It’s the 50th anniversary of the debut of the Ford Mustang so it’s the perfect day for a Volvo post, right? How could I possibly relate the sporty American icon to Swedish iron? Well, look at the picture above. Does that roof line look familiar?
Ford didn’t manufacture a Mustang station wagon so MJC Classic Cars made one by fusing a 1966 mustang body with a roof and hatch from a Volvo 240DL. Hitch it all up to a 518 cubic inch mill and getting your Söderhamn sofa home from Ikea will happen in about 11.3 seconds.
It looks like the April Fool is thinking that it’s April when we’re actually still stuck in February.
I didn’t understand this tweet when I woke up this morning:
April showers bring May flowers. April snow disturbs Cthulhu’s dream-vigil in his stone vault at R’lyeh.
— Jason Permenter (@jasonpermenter) April 16, 2014
But then I walked outside and saw people scraping snow off their cars. Huh? My brick had a glaze of ice across the windshield from a brief snow shower last night. And to think, I was walking around in a t-shirt on Sunday.
Speaking of t-shirts, I posted a t-shirt design the other day that wound up being pulled by Zazzle. It seems that using the word “Volvo” in the title of the product triggered their intellectual property alarm and they removed the shirt from their site. I apologize for any confusion. I’ve posted the shirt again under the name “Turtle Engine” and Zazzle has approved it for sale. You can purchase from the link below and it’s available on many different shirt styles and colors for men, women and kids.
I’m excited to announce that I’ll be posting how-tos and Volvo musings on the FCP Euro blog. I’ve been buying parts from FCP since I bought my brick in 2006 and am grateful for the chance to share bits of automotive wisdom and misinformation! I plan to post there once a week and will be creating illustrations and diagrams to accompany the text.
For my first post I wrote a general overview of Volvo redblocks and their reputation for slow reliability, “The Volvo Redblock: Aging Tortoise of the Automotive World“. For the illustration I rendered the B230 engine block as a steady, reliable tortoise.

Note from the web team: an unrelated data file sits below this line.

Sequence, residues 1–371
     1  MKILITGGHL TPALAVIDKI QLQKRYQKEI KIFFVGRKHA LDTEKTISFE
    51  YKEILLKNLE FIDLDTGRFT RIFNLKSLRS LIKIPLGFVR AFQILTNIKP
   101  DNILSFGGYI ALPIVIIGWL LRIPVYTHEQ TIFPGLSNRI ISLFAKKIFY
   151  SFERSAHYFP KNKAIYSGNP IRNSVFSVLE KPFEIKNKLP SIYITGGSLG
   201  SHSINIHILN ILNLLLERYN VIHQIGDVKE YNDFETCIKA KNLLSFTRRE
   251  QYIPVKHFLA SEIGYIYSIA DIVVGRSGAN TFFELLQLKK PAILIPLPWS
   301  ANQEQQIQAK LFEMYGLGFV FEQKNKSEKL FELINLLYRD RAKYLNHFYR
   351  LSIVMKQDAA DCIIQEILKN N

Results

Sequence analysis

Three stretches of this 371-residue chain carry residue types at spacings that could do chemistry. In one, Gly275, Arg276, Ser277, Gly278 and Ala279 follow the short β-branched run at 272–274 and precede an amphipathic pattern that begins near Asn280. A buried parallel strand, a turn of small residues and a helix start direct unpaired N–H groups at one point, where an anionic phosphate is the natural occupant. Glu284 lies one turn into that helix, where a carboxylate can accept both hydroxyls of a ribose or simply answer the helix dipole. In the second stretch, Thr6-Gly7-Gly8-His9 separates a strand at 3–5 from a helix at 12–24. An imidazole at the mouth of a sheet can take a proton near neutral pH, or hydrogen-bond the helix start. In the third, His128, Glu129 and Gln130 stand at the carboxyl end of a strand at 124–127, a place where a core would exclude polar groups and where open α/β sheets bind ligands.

Volvo released video and images of their Estate concept car, a two-door wagon inspired by the 1800 of old. So I suppose the Volvo wagon isn’t dead after all? We’ll see if it makes it to production.
Jack Black driving a Volvo 245 seems like a pretty good match, at least in the movie “Margot at the Wedding” They’re both low rent, worn-out beaters just trying to get by. The red brick in this movie should get a supporting actor credit because it plays a minor role in the action of the film.
Midway through the movie the characters are driving from a pool party when Jack complains that the brakes aren’t working right (sounds like me back in November). Later in the film Nicole Kidman’s character is driving the car with her sister and son when the brakes give out again. This time she’s unable to get them to engage and drives off into a ditch, causing Jennifer Jason Leigh to soil her panties. Ugh.
Here’s an interpretation of the scene I found on YouTube. Someone edited the original film footage with their own video of high-heeled feet stabbing at the brake pedal. Audio may be NSFW.
I thought Margot at the Wedding was a great movie but, since it delved so deeply in the pathos of these fairly unlikable characters, it’s probably not for everyone.
This Trip and Tyler video is about the inevitable list of crap mechanics find wrong with your car when you bring it in for a simple oil change. Just say… no?
During Thanksgiving I jumped on the Plasti Dip bandwagon and blacked out most of the chrome trim on the brick. I took these photos yesterday so it looks like it’s holding up really well. I wasn’t about to use fluorescent green; I just wanted to keep it simple and sleek with black. I think blacking out the tops of the headlight bezels gives the lights a much better look, slimming them down so they appear more contemporary.
I only dipped the chrome on the front trim but for the back I painted the entire piece of trim, chrome and rubber. This looked much better, as there is consistency across the entire piece of trim and there are no seams from the masking tape. Overall I’m really happy with the look.